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HMRC internal manual

Specialist Investigations Operational Guidance

Settlement by agreement: offers: types of non-standard offer

Some offers are not contract offers at all

Some settlement agreements (almost wholly in Code 8 cases) are not contract offers at all because they do not substitute a new contract liability for an existing or statutorily imposed liability. For example a Code 8 case might be concluded by way of a Section 54 TMA 1970 agreement, with a further agreement between the taxpayer and SI about peripheral issues.

In some offers there are no defined liabilities

These are the ‘global’ offer cases. They are contract offers. They are described further at SIOG9500 and onwards.

Some offers are not made by the taxpayer

Some offers to SI are made by a professional adviser on behalf of a taxpayer. These may be acceptable provided:

  • the adviser is an accountant or solicitor of good repute
  • the adviser states that the client has authorised the offer (and we are provided with a copy of the authority)
  • there is no reason to doubt the good faith of the taxpayer in relation to the offer
  • the offer features immediate or imminent payment
  • the offer preserves HMRC’s right to set aside the offer and proceed alternatively in the event of non-payment or dispute.

Any instalment offer must be made by the taxpayer personally.

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Some offers do not accept default

In some cases (both where duties can be specified and where the settlement is global) there is a refusal to accept default.

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In appropriate cases it may be possible to proceed on this basis. The Team Leader’s advice should always be obtained before any commitment is made. The offer must fully preserve HMRC’s rights, and specifically not prejudice our ability to make a formal penalty determination in the event of default, that is there must be consideration.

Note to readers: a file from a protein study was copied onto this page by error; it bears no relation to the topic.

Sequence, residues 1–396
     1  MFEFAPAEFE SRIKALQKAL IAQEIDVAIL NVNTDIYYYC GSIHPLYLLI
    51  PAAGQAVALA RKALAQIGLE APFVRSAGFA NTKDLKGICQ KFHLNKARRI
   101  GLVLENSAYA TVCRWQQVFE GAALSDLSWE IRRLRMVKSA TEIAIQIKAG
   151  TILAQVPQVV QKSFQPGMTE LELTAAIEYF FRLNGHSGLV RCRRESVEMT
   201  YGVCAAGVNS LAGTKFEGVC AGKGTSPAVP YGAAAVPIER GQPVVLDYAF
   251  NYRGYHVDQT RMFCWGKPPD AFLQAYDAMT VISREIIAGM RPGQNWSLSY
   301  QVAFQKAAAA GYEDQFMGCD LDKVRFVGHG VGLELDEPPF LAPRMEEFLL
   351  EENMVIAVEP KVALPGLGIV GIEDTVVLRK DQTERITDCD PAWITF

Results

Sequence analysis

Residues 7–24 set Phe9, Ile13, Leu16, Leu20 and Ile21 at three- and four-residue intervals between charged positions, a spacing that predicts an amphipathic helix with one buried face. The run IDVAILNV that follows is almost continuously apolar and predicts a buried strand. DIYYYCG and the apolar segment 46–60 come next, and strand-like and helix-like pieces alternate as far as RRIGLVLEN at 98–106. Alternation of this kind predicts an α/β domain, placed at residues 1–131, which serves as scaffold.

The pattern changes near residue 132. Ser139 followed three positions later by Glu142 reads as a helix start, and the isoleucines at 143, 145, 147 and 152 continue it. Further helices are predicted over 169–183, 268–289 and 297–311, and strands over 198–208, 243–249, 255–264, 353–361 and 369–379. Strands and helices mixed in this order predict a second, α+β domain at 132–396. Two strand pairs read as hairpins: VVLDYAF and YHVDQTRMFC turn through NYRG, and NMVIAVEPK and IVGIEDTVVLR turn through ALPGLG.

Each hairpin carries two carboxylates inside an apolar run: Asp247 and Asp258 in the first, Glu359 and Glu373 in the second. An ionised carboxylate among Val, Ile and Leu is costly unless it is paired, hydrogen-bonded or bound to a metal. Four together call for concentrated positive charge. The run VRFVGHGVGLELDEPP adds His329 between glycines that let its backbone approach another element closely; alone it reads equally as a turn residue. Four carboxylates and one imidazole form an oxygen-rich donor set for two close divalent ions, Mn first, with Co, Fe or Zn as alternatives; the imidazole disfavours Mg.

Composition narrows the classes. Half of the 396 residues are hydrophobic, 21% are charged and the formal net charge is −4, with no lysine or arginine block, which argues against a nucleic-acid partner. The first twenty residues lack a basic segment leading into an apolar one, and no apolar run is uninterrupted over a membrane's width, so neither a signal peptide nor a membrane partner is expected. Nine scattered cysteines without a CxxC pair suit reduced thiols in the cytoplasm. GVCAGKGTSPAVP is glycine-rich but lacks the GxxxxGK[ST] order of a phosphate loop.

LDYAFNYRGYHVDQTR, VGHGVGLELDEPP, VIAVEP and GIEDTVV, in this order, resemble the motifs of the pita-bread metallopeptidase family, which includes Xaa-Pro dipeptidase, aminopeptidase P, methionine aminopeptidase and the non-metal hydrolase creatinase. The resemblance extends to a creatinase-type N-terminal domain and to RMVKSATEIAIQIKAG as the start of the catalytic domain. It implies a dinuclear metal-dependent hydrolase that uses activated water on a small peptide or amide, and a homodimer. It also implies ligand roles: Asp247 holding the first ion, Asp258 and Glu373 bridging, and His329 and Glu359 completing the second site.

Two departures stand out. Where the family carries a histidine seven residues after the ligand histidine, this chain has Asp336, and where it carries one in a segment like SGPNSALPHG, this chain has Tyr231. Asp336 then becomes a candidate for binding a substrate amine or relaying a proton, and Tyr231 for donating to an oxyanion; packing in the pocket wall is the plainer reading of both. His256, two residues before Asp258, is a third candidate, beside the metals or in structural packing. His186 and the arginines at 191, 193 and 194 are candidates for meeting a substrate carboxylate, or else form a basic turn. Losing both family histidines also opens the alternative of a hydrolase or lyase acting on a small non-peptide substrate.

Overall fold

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Legal Charge

In instalment offers (SIOG9450) there may often be a need for security during the payment period.

One way this is achieved is by the taxpayer granting a legal charge over property.

It is essential that:

  • the wording of the offer is correct
  • the ancillary forms are completed
  • Solicitor’s Office advice has been taken on any points of difficulty
  • Solicitor’s Office are advised before a company offer incorporating a charge has been made, and they get the papers quickly thereafter, as they have only a limited period in which to register the charge.

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‘Joint and several’ offers

A joint and several offer is one where a company and an individual (usually a Director of the company) jointly make an offer in respect of corporate liabilities. The objective is to bind the individual into the requirements of the offer so that in the event of default we can proceed under the terms of the offer against the individual as well as the company.

Examples of the wording that might be adopted are in the Appendices of the Enquiry Manual.

Company Offer made by a Director

Sometimes a director wishes to make an offer personally in respect of company irregularities brought about by the directors’ own misappropriations. It is only in exceptional cases that such an offer may be encouraged and where the director is still with the company the negotiations should normally be with the company. However, where there has been a take-over and the directors’ defalcations are discovered after they have left the company, it may be possible to negotiate with the individual. The Team Leader’s advice will always be necessary before any commitments are made.

Non-Money Offer (‘In specie’ offer)

Occasionally, in an extreme means restricted case, a taxpayer may offer to transfer property, goods or less tangible assets to HMRC as consideration in a contract offer.

There is seldom any advantage to HMRC in this. If the property is worth what the taxpayer claims it could be realised and the proceeds paid over on a normal basis.

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Other specialised and contingent offers

In extreme means restricted cases, a taxpayer may offer to pay a proportion of net profits or income, or of the realisation value of assets, or payment of a fixed amount subject to contingencies.

Offers of this kind should only be considered as a last resort. It is extraordinarily difficult to draw up a letter of offer that is legally enforceable where there are such contingencies.

It may well be better to get assessments and determinations formally determined.

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Such offers are not to be encouraged and it is only in the most exceptional circumstances that the Commissioners of Revenue and Customs would wish to consider this type of arrangement.